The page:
purpose, we have not required a perfect fit between a legislative
classification  and the government objective it  is  intended  to
further.34   For  example, we have upheld school funding  schemes
that  were not the most protective of tax equality, but that were
close  enough.35   We have also upheld foster parent  application
restrictions  even though we conceded the restrictions  do[]  not
have  to  be meaningful in all cases,36 and have emphasized  that
policies reviewed under minimum scrutiny are not unconstitutional
simply  because  a litigant is able to propose a regulation  that
would  further the legislative goal in a more rational  manner.37
The  second  principle is that although the rationale  underlying
the  legislation  should  be logically  plausible,  there  is  no
requirement  that  it  be  proved  in  court.   For  example,  in
considering  a challenge to a new limit on prejudgment  interest,
we  upheld the limit because we agreed that a policy of  reducing
malpractice  insurance can reasonably be thought to be  furthered
by  the scheme.38  Similarly, we accepted, without evidence,  the
assertion  that  legislation narrowing  employers  liability  for
stress-related  mental  injuries would save  employers  money  by
eliminating unusually susceptible claimants and minimizing  fraud
and abuse in claims for stress-related mental injuries.39
          Viewed  in  light of these precedents, the damages  cap
satisfies  the means-end fit requirement.  First, the legislature
appears  to  have  viewed  large  noneconomic  damage  awards  as
susceptible  to over-estimates of the dollar value of  a  victims
noneconomic loss.40  Whether or not we agree with this conclusion,
we  think  it is one that the legislature was entitled  to  make.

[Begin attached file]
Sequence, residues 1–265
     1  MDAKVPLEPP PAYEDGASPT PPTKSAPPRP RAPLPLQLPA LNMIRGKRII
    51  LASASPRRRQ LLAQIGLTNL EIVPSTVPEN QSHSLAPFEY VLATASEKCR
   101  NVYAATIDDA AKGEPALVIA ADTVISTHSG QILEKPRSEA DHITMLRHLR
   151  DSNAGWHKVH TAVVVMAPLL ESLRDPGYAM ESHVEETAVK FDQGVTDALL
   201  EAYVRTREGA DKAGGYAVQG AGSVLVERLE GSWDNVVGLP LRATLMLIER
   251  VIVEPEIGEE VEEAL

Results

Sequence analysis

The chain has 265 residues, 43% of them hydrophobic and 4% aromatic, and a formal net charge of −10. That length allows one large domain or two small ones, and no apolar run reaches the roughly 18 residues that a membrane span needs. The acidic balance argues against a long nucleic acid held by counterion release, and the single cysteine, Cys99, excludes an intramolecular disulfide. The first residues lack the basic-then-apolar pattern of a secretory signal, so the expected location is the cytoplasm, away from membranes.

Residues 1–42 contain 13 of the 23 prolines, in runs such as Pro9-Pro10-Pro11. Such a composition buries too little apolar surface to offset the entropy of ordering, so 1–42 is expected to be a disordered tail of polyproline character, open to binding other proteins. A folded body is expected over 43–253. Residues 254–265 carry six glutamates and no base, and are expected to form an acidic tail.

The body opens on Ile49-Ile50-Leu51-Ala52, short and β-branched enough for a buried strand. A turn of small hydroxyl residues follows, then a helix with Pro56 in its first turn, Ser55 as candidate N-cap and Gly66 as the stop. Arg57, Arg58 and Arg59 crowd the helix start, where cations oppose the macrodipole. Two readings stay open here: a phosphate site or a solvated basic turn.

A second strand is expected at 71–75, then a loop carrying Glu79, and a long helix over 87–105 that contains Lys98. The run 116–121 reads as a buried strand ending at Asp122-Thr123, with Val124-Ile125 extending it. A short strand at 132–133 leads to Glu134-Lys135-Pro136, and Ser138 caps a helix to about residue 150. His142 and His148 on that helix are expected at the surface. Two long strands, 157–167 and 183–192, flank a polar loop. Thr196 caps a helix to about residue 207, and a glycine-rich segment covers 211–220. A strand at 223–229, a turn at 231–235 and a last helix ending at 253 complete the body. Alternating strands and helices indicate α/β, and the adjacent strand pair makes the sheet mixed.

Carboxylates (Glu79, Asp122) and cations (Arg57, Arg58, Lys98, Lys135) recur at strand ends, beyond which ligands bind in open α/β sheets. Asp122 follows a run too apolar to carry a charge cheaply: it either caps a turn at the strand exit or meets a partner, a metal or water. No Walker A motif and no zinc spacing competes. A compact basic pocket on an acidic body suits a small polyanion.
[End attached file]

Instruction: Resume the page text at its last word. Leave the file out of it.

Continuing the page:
Second, the legislature could reasonably have concluded that  any
alternative  method of lowering insurance costs would  have  been
less  fair  than a cap on noneconomic damages.  The most  obvious
alternative would have been to reduce all tort awards by a  fixed
          percentage.  But such a policy would create its own inequities.
A significant across-the-board reduction in awards might have the
effect  of  destroying the viability of smaller  claims,  thereby
burdening  victims  ability to seek redress  to  a  much  greater
degree  than  would result from a cap applicable  only  to  high-
damage  cases,  which are viable almost by definition.   And  the
legislature  could determine that an across-the-board  cut  would
not  necessarily reduce insurance costs as effectively as  a  cap
because  very  large, uncapped awards may have a disproportionate
effect  on  insurance premiums.  The fit between the  noneconomic
damages  cap and reducing insurance premiums may not be  perfect,
but it satisfies minimum scrutiny.
          C.J. argues that the arbitrariness and harsh effect  of
the  damages caps is exacerbated when applied to her because  (1)
as  a  rape victim, her injury involves a disproportionate amount
of pain and suffering compared to monetary loss and (2) as a low-
wage   earner  her  recovery  will  depend  almost  entirely   on
noneconomic  damages.41  We are sympathetic to  C.Js   particular
circumstances.   But while limiting the noneconomic  damages  for
such a  grievous injury may seem harsh, we have held that under a
minimum scrutiny analysis, we do not determine if a regulation is
perfectly  fair  to  every individual to whom  it  is  applied.42
Rather,  we must decide only if the regulation bears a  fair  and
substantial  relationship to a legitimate government objective.43
As we have explained, the damages cap satisfies this standard.
          A  final  consideration is that the arguments advanced
by   C.J.   and   the  Evans  dissent  would  have  far-reaching
implications   that  are  inconsistent  with  established   law.
Legislation  frequently  reduces  or  eliminates  certain   tort
remedies,  and  often  the rationale for making  a  subgroup  of
injured  people  pay the price of legitimate  legislative  goals
could  not  survive  close scrutiny.  We have already  mentioned
some  precedents  that  illustrate this  point,  but  some  more
general  examples  also  come  to  mind.   Workers  compensation
statutes base damages entirely on wages, essentially eliminating
all noneconomic damages.44  At oral argument, C.J. responded  to
this  example  by  noting  that  while  a  damages  cap  is   an
unmitigated detriment to tort victims, workers compensation  has
given  workers a streamlined, no-fault system in return for  the
lower recovery.  But C.J.s characterization works only at a high
level of generality.  Workers whose wages are low, who have been